CSB releases interim report on Chevron refinery fire

The Chemical Safety & Hazard Investigation Board last week released an interim analysis of the Aug. 6, 2012 refinery fire at a Chevron refinery in Richmond, Calif. The fire started when a corroded pipe ruptured in a crude oil processing unit. CSB identified several failures that led to the fire: “Missed opportunities to apply inherently safer technologies, a failure to recognize and correct workplace hazards, and the lack of industrial safeguards,” reported C&EN’s Jeff Johnson on Friday. CSB’s report is available here, and a Chevron internal report is available here.

One notable set of images in the CSB report is on pdf page 11. The set includes four photographs taken from across the Bay that show the initial hydrocarbon vapor cloud that formed when the pipe burst, followed by the black smoke from the fire. Amazingly, no one was killed when the leaking material ignited. From CSB’s video about the incident and its findings:

A decision was finally made to begin an emergency shut down of the crude unit. But it was too late. Suddenly, the pipe ripped open. A vapor cloud formed and rapidly expanded, as the large inventory of hydrocarbons in the distillation tower started to vent through the ruptured pipe. The vapor cloud immediately spread over hundreds of feet, engulfing all 19 people who had gathered nearby. The firefighters and operators struggled to escape through the dense hydrocarbon cloud, unable to see. They had to feel their way out, some on their hands and knees. At approximately 6:30 p.m., two minutes after the huge vapor cloud formed, the hydrocarbons ignited. One firefighter was trapped inside a fire engine when it was suddenly engulfed in flames. He radioed for help. … But when he received no response, he assumed everyone else was dead. To escape the inferno, he fled through what witnesses described as a wall of fire.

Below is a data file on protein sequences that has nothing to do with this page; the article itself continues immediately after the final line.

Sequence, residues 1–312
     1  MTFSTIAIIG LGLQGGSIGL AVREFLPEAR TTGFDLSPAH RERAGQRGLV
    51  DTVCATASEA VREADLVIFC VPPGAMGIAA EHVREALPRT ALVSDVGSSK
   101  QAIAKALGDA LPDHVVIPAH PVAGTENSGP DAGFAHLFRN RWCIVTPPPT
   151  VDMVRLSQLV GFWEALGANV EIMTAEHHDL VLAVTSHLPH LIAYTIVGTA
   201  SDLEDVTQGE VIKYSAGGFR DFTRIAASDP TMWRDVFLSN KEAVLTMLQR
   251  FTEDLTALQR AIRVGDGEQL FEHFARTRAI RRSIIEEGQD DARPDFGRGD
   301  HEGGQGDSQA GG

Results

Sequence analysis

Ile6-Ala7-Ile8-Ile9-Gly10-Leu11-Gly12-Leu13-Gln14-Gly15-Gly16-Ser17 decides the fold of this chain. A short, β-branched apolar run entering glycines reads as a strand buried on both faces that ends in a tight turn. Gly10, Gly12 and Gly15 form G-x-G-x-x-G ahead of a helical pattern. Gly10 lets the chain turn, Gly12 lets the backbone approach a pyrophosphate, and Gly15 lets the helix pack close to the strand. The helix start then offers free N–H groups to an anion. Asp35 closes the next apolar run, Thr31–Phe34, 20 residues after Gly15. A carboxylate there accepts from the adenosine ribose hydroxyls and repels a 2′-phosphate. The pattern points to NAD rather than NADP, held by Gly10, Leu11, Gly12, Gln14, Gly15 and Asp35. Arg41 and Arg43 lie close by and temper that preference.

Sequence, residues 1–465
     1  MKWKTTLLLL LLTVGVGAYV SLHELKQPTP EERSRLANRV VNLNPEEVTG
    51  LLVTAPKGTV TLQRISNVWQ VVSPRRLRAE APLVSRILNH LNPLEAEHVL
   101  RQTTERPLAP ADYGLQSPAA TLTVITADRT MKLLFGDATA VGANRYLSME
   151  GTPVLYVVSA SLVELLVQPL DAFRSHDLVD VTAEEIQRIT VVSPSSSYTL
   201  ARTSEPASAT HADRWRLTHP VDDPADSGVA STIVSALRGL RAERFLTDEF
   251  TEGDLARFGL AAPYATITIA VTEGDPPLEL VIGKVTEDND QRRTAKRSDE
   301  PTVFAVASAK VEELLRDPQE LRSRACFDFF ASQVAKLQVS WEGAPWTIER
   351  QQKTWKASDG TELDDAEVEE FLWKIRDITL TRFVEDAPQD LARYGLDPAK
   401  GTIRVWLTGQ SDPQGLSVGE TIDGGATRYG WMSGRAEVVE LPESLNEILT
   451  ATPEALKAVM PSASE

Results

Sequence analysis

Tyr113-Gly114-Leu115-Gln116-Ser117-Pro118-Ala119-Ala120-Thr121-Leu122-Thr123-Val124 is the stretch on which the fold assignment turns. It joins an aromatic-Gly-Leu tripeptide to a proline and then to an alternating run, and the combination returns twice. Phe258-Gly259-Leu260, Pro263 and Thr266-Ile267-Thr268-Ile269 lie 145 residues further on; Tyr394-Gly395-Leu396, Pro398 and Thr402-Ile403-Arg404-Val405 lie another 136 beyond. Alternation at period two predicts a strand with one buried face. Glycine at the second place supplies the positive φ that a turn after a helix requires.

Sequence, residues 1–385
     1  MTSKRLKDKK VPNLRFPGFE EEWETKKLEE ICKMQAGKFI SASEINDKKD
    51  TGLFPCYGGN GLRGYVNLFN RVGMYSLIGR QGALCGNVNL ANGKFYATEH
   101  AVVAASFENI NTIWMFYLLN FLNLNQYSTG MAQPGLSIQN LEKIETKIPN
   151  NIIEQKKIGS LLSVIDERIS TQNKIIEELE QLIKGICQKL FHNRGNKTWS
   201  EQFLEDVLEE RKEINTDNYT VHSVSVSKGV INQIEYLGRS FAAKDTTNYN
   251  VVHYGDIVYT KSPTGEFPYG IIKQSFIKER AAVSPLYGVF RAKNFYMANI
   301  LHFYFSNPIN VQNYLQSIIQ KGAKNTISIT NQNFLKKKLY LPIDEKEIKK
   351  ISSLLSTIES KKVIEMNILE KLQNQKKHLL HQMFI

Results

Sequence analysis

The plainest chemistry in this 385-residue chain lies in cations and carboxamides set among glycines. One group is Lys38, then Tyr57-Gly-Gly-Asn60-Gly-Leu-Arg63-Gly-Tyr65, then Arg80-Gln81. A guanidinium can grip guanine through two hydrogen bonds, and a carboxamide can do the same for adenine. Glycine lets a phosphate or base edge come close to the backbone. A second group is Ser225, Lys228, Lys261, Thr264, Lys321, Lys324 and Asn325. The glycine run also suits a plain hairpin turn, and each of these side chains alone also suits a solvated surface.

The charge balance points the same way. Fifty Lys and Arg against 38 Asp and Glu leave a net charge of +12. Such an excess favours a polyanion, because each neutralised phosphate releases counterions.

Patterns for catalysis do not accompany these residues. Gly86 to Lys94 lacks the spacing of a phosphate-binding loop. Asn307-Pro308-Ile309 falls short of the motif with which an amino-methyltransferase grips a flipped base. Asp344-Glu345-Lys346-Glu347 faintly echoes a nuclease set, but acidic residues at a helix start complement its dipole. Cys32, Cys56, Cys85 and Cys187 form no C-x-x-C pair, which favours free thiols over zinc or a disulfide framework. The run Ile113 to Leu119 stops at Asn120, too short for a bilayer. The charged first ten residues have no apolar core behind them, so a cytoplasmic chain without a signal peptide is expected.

That fire engine was destroyed by the fire.The Chevron report argues that the white vapor cloud itself was not flammable. Instead, material still leaking from the pipe either auto-ignited or dislodged a light fixture, exposing wiring that could have ignited the stream.  Chevron’s internal report also says, “The response and assessment after the discovery of the leak did not fully recognize the risk of piping rupture and the possibility of auto-ignition” (Causal Factor 1, pdf page 21).

From pdf page 36 of the CSB report, here’s a graphic that illustrates the number of times someone at Chevron said the pipe should be replaced, and the refinery didn’t do it:
CSB-Chevron-key events

Last but not least, here’s CSB’s video:

Author: Jyllian Kemsley

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  1. I wonder what the pressure is like on oil refineries regarding a production shutdown, and also the maintenance priorities. Was their (from their perspective) a good reason for not replacing the pipe?

  2. @CJ: I only read parts of the reports and what I did read, I read quickly. That said, no, there don’t seem to have been reasons for not replacing the pipe. It doesn’t seem like anyone said, “This pipe wall is getting thin and we need to replace it but we won’t because of X and Y.” It was more that poor communication/training/etc. meant that the people responsible for the pipe did not recognize how perilously thin it had become. Other parts of the line were inspected and replaced at various points. The one stretch kept getting overlooked, despite 100% inspection requirements.